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the first hint of this mode of application, which modern expositors have gradually followed. Viega, a Jesuit, who wrote in the sixteenth century, seems to have been one of the first who applied all the four seals to the Roman history. Mede, who by his just reputation as an ingenious interpreter, has given the greatest encouragement to this mode of application, though he interpreted the second, third, and fourth seals, as relating to the Roman empire, yet' understood the first to treat clearly and exclusively of the Christian Church. Indeed the first seal cannot, consistently with the symbols compared in Scripture, be otherwise applied. And if the first seal has so evident a designation, why, in the interpretation of the rest, are we to change our object, without special and compulsive reason? The writers who have followed Mede, have been aware that consistency Tequired of them, to apply all these predictions to the same kind of history: but, to obtain this consistency, what method have they pursued ? They have not relinquished Mede’s interpretation of the second, third, and fourth seals, thereby to bring them in unison with that of the first: but, labouring to make the symbols of the first seal agree with his interpretations of the three following, they have most unscripturally and unfitly represented the rider of the white horse, (whose purity can belong only to the most perfect Christian,) to signify those bloody and heathen soldiers, Vespasian and Titus * ! If Vespasian can be thought worthy of this almost divine honour, it is but another step to suppose him gifted with divine miracles, as related by Tacitus, Suetonius, and Dion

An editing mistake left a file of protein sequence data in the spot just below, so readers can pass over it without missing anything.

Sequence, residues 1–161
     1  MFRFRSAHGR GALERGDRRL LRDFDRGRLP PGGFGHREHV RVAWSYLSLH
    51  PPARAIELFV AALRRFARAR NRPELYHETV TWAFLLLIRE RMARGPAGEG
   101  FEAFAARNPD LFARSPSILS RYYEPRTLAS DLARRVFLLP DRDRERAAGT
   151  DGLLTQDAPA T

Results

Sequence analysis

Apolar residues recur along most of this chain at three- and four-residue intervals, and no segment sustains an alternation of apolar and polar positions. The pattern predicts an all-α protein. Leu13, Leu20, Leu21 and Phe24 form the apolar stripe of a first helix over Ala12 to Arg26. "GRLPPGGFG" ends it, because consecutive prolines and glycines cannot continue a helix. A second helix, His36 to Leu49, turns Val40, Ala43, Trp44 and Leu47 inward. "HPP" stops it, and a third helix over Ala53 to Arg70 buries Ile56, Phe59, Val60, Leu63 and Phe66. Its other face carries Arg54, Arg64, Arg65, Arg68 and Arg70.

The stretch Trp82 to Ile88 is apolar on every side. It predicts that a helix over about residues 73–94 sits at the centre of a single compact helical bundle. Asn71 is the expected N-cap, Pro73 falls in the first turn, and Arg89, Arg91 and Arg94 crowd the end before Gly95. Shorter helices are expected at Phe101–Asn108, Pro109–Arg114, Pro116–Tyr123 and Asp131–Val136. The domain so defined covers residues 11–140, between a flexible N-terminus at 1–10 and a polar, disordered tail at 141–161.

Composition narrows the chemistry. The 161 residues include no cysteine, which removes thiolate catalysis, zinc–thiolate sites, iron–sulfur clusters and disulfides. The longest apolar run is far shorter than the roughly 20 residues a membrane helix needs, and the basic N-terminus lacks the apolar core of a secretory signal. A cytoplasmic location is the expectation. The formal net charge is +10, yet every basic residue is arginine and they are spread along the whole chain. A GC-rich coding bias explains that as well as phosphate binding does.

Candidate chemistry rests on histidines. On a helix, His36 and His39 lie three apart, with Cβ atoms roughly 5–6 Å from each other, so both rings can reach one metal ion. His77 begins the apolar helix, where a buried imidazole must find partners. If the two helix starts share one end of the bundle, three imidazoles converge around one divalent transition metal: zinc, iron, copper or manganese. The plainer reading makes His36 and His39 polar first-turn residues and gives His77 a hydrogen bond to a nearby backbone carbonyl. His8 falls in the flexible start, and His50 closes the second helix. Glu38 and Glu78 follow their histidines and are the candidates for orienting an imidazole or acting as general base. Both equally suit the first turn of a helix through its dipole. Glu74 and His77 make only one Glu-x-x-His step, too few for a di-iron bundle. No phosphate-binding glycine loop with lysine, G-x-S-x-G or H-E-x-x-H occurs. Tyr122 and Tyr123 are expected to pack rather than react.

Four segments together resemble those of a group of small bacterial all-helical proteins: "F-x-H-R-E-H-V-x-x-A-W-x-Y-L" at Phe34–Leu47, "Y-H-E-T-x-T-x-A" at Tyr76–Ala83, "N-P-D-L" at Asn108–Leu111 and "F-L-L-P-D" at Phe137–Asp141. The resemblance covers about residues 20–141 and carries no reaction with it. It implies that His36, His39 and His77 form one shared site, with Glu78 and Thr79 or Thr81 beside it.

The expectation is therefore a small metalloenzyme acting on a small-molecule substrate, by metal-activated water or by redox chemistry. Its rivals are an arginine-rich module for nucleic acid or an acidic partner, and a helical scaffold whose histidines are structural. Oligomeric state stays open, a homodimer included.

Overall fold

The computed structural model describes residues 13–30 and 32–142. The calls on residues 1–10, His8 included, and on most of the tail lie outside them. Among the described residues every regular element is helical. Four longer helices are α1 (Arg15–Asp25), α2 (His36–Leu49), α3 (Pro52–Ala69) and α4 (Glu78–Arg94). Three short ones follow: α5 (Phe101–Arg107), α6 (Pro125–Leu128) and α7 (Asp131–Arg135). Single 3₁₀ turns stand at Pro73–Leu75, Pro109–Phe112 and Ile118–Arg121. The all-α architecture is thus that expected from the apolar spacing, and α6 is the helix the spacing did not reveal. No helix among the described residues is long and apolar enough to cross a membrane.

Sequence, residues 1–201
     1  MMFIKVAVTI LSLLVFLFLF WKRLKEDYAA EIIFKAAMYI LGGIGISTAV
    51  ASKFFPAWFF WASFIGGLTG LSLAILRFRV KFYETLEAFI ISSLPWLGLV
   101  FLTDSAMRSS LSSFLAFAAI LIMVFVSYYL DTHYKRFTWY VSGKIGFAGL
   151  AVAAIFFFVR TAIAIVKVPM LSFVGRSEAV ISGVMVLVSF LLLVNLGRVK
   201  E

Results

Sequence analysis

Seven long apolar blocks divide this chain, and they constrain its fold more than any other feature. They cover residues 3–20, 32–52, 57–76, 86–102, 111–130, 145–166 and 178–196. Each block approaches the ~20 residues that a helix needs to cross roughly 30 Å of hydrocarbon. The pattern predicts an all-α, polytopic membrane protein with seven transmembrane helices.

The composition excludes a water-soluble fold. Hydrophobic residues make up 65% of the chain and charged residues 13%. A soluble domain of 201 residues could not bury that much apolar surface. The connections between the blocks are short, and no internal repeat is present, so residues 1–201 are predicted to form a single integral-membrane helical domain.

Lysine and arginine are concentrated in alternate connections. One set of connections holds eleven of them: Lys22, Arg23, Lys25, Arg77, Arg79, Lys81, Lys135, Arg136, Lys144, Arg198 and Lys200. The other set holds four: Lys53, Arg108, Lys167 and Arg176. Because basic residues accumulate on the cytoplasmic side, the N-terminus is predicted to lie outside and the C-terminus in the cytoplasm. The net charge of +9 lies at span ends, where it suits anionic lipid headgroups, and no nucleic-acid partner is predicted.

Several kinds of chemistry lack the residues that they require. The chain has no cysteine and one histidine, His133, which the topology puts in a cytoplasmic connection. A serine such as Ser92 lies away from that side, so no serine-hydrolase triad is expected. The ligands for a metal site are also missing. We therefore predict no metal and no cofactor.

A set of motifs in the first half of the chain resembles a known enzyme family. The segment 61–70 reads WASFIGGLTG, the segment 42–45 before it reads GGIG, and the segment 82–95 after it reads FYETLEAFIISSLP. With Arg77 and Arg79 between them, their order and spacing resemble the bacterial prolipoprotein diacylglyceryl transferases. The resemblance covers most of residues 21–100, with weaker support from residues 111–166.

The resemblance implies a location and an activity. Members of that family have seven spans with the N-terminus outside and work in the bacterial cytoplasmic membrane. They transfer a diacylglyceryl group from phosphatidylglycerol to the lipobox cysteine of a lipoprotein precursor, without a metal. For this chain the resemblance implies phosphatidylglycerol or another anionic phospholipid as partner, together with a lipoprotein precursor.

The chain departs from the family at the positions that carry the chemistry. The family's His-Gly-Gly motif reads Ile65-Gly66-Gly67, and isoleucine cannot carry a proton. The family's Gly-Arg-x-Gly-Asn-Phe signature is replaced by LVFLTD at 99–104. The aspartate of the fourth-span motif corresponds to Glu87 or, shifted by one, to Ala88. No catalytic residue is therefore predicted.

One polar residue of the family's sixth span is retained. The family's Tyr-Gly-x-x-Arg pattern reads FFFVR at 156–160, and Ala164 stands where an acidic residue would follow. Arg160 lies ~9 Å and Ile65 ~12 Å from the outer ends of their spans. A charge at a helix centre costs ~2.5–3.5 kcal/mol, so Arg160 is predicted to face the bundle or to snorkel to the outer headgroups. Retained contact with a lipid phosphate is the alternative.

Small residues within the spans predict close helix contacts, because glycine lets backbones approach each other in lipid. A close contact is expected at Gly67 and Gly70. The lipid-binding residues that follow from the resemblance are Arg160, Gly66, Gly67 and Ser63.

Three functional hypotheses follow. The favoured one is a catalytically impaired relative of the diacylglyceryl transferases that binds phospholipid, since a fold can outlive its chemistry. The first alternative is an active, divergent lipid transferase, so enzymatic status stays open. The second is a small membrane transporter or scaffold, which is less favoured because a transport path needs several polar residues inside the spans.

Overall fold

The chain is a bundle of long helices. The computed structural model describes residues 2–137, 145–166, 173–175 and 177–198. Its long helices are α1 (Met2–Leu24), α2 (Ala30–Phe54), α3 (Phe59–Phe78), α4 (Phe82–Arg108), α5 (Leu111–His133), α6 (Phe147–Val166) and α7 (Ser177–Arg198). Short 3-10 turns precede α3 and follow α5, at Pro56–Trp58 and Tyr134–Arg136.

Jurieu seems to have been the author of this intepretation adopted by Bishop Newton,

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Cassius,